The chart suggests that everybody’s prices have increased since 2013. PING has the most modest increases – up only $50 since 2012. Titleist has steadily increased prices by $50 with each release and now appears comfortable alongside Callaway and TaylorMade with driver prices anchored at $500.
The biggest casualty over this run of increasing prices is the $300 driver. While it wasn’t that long ago that Callaway, TaylorMade, and Cobra offered entry-level drivers for $300, apart from low tech offerings for slower swing speed players, since 2014, the entry point has shifted from $300 to +/-$340, and now to $400. It’s worth noting that with the exception of Cobra’s senior-focused MAX Line, none of the Top-5 manufacturers released a driver with a retail price under $400 in 2018. Among the industry leaders, $400 is entry-level pricing, and there’s less cost differentiation between models.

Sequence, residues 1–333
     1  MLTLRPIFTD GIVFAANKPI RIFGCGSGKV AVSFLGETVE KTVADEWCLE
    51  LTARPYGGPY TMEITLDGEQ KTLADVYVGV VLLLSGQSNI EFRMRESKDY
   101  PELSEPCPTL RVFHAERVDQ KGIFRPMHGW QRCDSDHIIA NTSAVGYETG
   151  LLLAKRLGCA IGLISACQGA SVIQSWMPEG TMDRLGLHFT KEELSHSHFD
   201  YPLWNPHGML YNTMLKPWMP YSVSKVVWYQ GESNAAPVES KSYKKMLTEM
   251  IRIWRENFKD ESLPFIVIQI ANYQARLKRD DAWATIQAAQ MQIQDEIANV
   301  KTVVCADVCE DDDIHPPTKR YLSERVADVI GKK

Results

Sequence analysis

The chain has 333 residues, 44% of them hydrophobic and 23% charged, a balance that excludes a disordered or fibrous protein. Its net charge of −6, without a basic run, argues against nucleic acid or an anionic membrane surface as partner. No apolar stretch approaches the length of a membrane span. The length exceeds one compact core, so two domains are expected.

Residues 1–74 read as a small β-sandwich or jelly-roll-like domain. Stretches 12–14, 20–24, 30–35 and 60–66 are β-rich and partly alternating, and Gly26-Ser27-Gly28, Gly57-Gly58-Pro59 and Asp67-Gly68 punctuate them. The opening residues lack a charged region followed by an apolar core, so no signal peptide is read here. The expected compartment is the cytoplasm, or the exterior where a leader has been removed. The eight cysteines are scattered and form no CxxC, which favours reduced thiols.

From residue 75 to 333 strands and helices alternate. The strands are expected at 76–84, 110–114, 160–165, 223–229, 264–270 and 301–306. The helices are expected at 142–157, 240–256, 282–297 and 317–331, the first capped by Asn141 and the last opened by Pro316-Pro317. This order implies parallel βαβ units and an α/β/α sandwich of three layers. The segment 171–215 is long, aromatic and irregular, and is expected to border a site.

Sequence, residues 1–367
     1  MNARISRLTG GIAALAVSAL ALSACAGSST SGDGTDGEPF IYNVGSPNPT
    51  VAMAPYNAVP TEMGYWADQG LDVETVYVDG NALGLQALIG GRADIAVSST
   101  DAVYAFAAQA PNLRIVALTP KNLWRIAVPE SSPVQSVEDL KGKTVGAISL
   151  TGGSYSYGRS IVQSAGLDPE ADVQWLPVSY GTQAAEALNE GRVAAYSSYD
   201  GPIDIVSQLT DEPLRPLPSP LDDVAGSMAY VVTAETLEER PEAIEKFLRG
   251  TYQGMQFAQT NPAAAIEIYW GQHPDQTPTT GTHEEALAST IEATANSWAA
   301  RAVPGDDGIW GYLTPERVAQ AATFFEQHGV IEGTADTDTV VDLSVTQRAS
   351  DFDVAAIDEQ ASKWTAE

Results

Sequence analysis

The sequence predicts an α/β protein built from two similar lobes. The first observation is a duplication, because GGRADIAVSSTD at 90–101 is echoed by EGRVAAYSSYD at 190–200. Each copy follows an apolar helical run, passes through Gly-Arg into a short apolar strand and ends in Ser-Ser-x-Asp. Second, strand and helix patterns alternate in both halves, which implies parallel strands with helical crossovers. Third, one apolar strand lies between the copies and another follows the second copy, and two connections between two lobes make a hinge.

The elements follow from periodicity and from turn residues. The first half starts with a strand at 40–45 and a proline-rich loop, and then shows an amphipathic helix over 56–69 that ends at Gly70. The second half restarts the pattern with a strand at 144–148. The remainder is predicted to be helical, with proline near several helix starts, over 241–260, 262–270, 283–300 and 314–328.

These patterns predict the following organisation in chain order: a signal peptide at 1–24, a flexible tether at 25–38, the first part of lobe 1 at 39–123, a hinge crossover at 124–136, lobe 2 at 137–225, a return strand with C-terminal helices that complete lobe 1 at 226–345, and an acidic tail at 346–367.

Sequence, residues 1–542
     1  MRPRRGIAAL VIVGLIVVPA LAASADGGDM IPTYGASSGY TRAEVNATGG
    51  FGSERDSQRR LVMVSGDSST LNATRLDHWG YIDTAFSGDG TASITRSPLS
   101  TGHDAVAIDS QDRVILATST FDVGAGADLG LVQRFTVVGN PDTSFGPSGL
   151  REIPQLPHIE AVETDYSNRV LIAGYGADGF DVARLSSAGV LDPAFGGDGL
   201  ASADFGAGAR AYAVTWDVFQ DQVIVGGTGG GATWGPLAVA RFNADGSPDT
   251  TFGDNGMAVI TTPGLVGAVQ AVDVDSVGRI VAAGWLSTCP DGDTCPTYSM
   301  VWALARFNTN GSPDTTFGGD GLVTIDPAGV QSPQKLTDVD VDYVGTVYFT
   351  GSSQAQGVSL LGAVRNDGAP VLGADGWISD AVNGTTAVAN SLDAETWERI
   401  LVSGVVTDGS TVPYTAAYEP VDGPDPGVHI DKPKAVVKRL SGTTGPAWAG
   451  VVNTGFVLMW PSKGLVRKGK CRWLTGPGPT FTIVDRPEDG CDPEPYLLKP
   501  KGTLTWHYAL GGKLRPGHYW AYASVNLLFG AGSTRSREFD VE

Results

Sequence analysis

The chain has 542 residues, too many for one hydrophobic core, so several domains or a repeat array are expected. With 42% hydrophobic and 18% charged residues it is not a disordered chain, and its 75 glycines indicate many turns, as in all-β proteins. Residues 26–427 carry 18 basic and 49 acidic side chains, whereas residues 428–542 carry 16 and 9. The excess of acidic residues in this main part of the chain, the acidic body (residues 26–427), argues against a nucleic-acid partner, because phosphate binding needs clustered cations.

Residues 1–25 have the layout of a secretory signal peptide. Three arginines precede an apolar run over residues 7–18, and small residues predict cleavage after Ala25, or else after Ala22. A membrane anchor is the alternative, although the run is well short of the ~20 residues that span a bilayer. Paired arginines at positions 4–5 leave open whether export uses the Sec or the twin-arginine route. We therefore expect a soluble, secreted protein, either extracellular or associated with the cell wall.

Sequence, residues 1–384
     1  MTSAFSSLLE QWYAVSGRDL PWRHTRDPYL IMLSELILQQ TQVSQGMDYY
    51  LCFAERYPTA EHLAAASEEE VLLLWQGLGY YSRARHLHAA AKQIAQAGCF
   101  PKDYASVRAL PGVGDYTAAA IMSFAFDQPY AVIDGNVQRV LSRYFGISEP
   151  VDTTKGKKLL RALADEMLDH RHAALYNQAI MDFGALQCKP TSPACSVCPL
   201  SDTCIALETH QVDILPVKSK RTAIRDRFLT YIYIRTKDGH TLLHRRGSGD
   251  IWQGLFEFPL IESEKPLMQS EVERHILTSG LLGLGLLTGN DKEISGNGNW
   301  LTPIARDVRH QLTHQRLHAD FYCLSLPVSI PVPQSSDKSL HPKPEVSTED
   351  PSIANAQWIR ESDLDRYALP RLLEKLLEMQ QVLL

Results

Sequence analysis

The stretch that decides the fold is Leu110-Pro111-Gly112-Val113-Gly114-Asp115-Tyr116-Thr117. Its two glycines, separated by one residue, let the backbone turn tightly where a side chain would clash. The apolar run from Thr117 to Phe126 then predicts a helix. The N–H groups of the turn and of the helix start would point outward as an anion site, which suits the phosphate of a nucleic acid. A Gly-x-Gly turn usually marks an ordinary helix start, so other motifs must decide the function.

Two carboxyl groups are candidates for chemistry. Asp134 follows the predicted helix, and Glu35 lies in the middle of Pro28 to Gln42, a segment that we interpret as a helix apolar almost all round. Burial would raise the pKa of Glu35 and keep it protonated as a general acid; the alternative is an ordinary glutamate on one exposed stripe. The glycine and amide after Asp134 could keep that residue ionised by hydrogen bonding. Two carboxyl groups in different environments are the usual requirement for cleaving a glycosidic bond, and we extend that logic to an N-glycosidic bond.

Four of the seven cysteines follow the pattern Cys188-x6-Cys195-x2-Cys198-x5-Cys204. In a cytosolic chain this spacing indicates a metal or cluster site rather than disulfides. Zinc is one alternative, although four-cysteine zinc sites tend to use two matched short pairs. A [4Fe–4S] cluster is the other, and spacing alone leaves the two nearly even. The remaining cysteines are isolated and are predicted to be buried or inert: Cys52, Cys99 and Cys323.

Why Is This Happening?
To explain the rapid change in pricing, we turned to the OEMs for perspective. Josh Talge, VP of Marketing at Titleist, provided some reasons as to why we’re seeing this increase in price across the industry.
“We ask ourselves this question; How can we make product better each and every cycle? Our 2-year product cycle at Titleist gives us enough time to improve upon the previous product.” – Josh Talge, VP of Marketing at Titleist
Talge provides several reasons why most OEMs are raising prices. Reasons behind the general upward trend at Titleist include: